# Homogeneous equations always do have an integrating factor

• Oct 1st 2010, 08:31 PM
Krizalid
Homogeneous equations always do have an integrating factor
I'm looking for some proofs about the following statement:

let $\displaystyle M(x,y)\,dx+N(x,y)\,dy=0,$ be a homogeneous ODE.

find an integrating factor for the above equation.
• Oct 2nd 2010, 05:29 AM
Jester
If the ODE is homogeneous then it admits the symmetry

$\displaystyle \bar{x} = e^{\varepsilon \alpha}x,\;\;\;\bar{y} = e^{\varepsilon \alpha}y,$

or infinitesimal transformation

$\displaystyle \bar{x} = x + \varspsilon \alpha x + O(\varepsilon^2),\;\;\; \bar{y} = y + \varspsilon \alpha y + O(\varepsilon^2)$

and the original ODE has the integrating factor

$\displaystyle \mu = \dfrac{1}{\alpha x M + \alpha y N}$ (we can set $\displaystyle \alpha = 1$ wlog)

This was show by Lie in the late 1800's.
• Oct 3rd 2010, 04:38 AM
HallsofIvy
Let me point out that "find an integrating factor" is NOT a statement and you are not trying to prove it.

In fact, any first order differential equation has an integrating factor- its just simpler to find if the equation is homogeneous.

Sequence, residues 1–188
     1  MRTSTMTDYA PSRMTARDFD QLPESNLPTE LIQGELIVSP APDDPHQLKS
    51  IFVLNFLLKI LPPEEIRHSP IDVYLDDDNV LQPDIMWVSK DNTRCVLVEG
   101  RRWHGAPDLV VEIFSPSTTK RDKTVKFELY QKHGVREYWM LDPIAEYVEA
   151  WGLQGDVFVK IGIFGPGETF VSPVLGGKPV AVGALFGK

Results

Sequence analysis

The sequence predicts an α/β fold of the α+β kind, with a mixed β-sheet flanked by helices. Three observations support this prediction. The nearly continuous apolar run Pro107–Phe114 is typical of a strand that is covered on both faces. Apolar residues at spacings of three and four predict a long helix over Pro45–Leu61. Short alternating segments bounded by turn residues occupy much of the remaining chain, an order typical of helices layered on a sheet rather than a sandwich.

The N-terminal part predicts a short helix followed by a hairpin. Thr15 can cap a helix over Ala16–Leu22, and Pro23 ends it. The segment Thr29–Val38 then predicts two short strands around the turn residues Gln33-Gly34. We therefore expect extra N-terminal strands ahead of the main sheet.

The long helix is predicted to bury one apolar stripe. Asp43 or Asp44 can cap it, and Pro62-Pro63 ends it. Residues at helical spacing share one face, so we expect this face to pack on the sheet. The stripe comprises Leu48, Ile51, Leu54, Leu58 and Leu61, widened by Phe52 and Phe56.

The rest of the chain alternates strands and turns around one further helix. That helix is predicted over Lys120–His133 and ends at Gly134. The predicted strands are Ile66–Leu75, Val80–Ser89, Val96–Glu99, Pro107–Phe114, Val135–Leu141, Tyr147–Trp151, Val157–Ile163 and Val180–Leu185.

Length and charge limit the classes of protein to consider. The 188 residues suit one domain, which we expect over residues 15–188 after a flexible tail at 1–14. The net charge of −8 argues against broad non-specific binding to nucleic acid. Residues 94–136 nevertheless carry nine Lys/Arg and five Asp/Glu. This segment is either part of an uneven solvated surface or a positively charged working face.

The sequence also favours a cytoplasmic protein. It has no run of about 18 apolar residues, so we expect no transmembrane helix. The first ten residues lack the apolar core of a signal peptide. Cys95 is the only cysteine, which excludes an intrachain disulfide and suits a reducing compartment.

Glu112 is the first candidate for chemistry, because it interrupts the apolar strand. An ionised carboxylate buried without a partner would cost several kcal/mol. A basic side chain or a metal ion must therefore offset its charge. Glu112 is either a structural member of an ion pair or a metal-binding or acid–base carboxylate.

• Oct 3rd 2010, 07:11 AM
Krizalid
Quote:

Originally Posted by Danny
If the ODE is homogeneous then it admits the symmetry

$\displaystyle \bar{x} = e^{\varepsilon \alpha}x,\;\;\;\bar{y} = e^{\varepsilon \alpha}y,$

or infinitesimal transformation

$\displaystyle \bar{x} = x + \varspsilon \alpha x + O(\varepsilon^2),\;\;\; \bar{y} = y + \varspsilon \alpha y + O(\varepsilon^2)$

and the original ODE has the integrating factor

$\displaystyle \mu = \dfrac{1}{\alpha x M + \alpha y N}$ (we can set $\displaystyle \alpha = 1$ wlog)

This was show by Lie in the late 1800's.

two advanced for me! but thanks!

Quote:

Originally Posted by HallsofIvy
Let me point out that "find an integrating factor" is NOT a statement and you are not trying to prove it.

In fact, any first order differential equation has an integrating factor- its just simpler to find if the equation is homogeneous.

i never said the above ODE was linear or something, it could have quadratic or cubic terms and can still be homogeneous.